Issue #10

  1. Searching for Temples

  2. When is Zion

  3. Making and Unmaking City Centers

  4. Mishkan Motherboard

  5. A Wondrous Thing to See

  6. Mechitza 7.1

  7. Transposing Diasporas

  8. The Fez as Storyteller

  9. Your Mouths Are the Ghosts of Money / Your Tongues Are the Tongues of Memory

  10. After Halle

Mechitza 7.1

Tobaron Waxman & Jesse Zaritt

In a dimly lit room, a figure seems to levitate. Propelled vertically into the air, his arms are outstretched from the shoulder. An audience of people at a variety of vantage points, seated on the floor, on chairs, and standing, all turn to focus on the floating figure.
Video still from documentation of Jesse Zarrit during live performance of ‘Mechitza 7.1’ at Kulturlabor ICI Berlin, 2010, courtesy of Tobaron Waxman and Kulturlabor ICI Berlin.
Mechitza 7.1 (motion activated beta), project and compositional method devised by Tobaron Waxman. Sound art collaborators: Erin Gee, Saul Noam Zaritt, David Rusitschka, Raafat Hattab, and Sound Studies students of Dr. Martin Supper, Berlin University of the Arts. Spatialization and mixing: James Hurley. Musicians: James Hurley and Tobaron Waxman. Dancer: Jesse Zaritt.

In Mechitza 7.1, using interactive audio, an elision is made between sacred/taboo space, and ‘ethnically cleansed’ space as a way to interrogate the notion of border and binaries. Mechitza 7.1 reflects on the segregatory architecture, imposed by the state, that controls public and private space. Performance artist Tobaron Waxman collaborates with dancer Jesse Zaritt and composer James Hurley to create a motion-activated surround sound environment using field recordings that Waxman made in domestic spaces in the occupied territories of Palestine and in men’s prayer spaces from his Chassidic life in New York.

Mechitza 7.1, Demonstration (part A) stereo mix by James Hurley, 23:31, 2010. Note: Audio is best experienced on headphones.


Under a lavender and pale blue dusky sky, on a vast green front lawn, opposite the Reichstag. Visible in the distance on either side are a few decorative trees with autumn leaves in gold, red and green. In the background, friends kick a soccer ball, people stroll through the grounds. In the foreground a figure in a blue and green plaid flannel and black trousers while pressing down on his knee curves his entire body sideways into an unexpected half circle shape.
Video still of Jesse Zarrit during rehearsal/performance intervention documentation, 2010, courtesy of Tobaron Waxman.

Waxman and Zaritt developed nine distinct movement vocabularies. Each of these movement languages articulates a different relationship between the dancer’s body and the ideas of border, boundary, and confinement. They organized these movement vocabularies into a score, each as a playback trigger for a specific sound fragment related in motif, theme, or content. The sound fragments are the result of Waxman disseminating their field recordings to sound artists, students, and composers internationally, each of whom was provided with a series of directives to which their edit/shattering/reconstitution of the field recording was to respond. Zaritt was provided the same directives and asked to respond with gesture and movement. The map of how these nine movement languages exist in space (i.e. a sound and movement score) is included as a scanned image below.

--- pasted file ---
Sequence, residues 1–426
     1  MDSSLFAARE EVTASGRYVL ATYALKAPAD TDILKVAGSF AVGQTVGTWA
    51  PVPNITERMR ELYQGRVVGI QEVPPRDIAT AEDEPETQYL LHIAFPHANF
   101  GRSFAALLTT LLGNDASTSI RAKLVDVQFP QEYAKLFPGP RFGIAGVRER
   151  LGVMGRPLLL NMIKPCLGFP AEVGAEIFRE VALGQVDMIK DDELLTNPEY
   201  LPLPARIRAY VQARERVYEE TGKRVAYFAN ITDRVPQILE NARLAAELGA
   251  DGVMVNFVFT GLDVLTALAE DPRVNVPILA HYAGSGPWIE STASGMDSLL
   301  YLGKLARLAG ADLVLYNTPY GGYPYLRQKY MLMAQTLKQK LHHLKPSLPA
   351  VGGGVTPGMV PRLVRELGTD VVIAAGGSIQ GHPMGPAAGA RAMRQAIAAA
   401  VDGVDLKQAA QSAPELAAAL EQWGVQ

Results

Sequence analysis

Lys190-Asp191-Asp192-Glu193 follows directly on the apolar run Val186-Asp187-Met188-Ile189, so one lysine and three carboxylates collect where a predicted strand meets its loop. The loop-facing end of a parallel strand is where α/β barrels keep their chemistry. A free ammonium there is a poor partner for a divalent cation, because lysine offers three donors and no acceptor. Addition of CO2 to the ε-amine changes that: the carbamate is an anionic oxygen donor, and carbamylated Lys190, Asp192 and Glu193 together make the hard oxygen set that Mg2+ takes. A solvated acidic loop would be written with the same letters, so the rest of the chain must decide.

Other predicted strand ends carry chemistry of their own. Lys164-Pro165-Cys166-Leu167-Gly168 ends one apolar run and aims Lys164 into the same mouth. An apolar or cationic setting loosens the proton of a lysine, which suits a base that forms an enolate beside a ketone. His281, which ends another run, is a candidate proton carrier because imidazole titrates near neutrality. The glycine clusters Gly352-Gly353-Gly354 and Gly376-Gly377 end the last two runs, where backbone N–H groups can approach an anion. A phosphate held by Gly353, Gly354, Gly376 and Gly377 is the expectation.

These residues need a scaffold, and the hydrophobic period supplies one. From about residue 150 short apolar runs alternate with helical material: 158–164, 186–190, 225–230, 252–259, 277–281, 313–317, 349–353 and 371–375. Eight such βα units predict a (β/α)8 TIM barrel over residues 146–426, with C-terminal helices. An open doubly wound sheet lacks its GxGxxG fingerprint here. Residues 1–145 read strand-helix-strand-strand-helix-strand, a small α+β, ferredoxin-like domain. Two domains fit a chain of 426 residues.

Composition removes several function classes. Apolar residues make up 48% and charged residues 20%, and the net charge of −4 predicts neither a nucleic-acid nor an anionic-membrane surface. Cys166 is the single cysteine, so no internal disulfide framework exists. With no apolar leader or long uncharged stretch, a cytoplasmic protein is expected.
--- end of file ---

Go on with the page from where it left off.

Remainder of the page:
A pale blue page marked in red pen, black pen, and pencil, shows a hand-drawn repetition of squares, rectangles, arrows and words. This score is a collaboratively written document, mapping when and where the dancer moves, and when and for how those movements trigger sounds. In red: Jesse's movements, gestures, and position in the room. In black, the duration or rhythm of the corresponding sounds played by James and Tobaron, and in pencil, the name of the sound played.
Mechitza Project 7.1 (motion activated beta) – sound and movement score, 2010. Image courtesy of Tobaron Waxman.
    1. Perform fragmented visibility: move such that only portions of your body are visible to the viewers, allow parts of the body to slip in and out of visibility, as if the movement is being viewed through cracks in a wall. 
    2. Perform the construction of a Golem: manipulate the body as if it is clay/stone made animate and controlled by an external force.
    3. Perform the smothering of opposition: stomp and trample along a straight path through the space, try also to divide the space with this forceful wall of deliberate, harsh steps. 
    4. Perform confinement and the escape from confinement at the same time: allow the body to move as if it can rapidly shift between solid, liquid, or gas.
    5. Perform movement as barrier: let every movement initiated by the body harden into a physical barrier in the space.
    6. Perform the suspension of potential energy: sustain off-balance positions as long as possible before letting the body fall along a straight path through the space.
    7. Perform the construction of false sacred space: build a structure for prayer through dancing in a linear manner. Allow a resonance of folk and ritual dance to be present in the movement.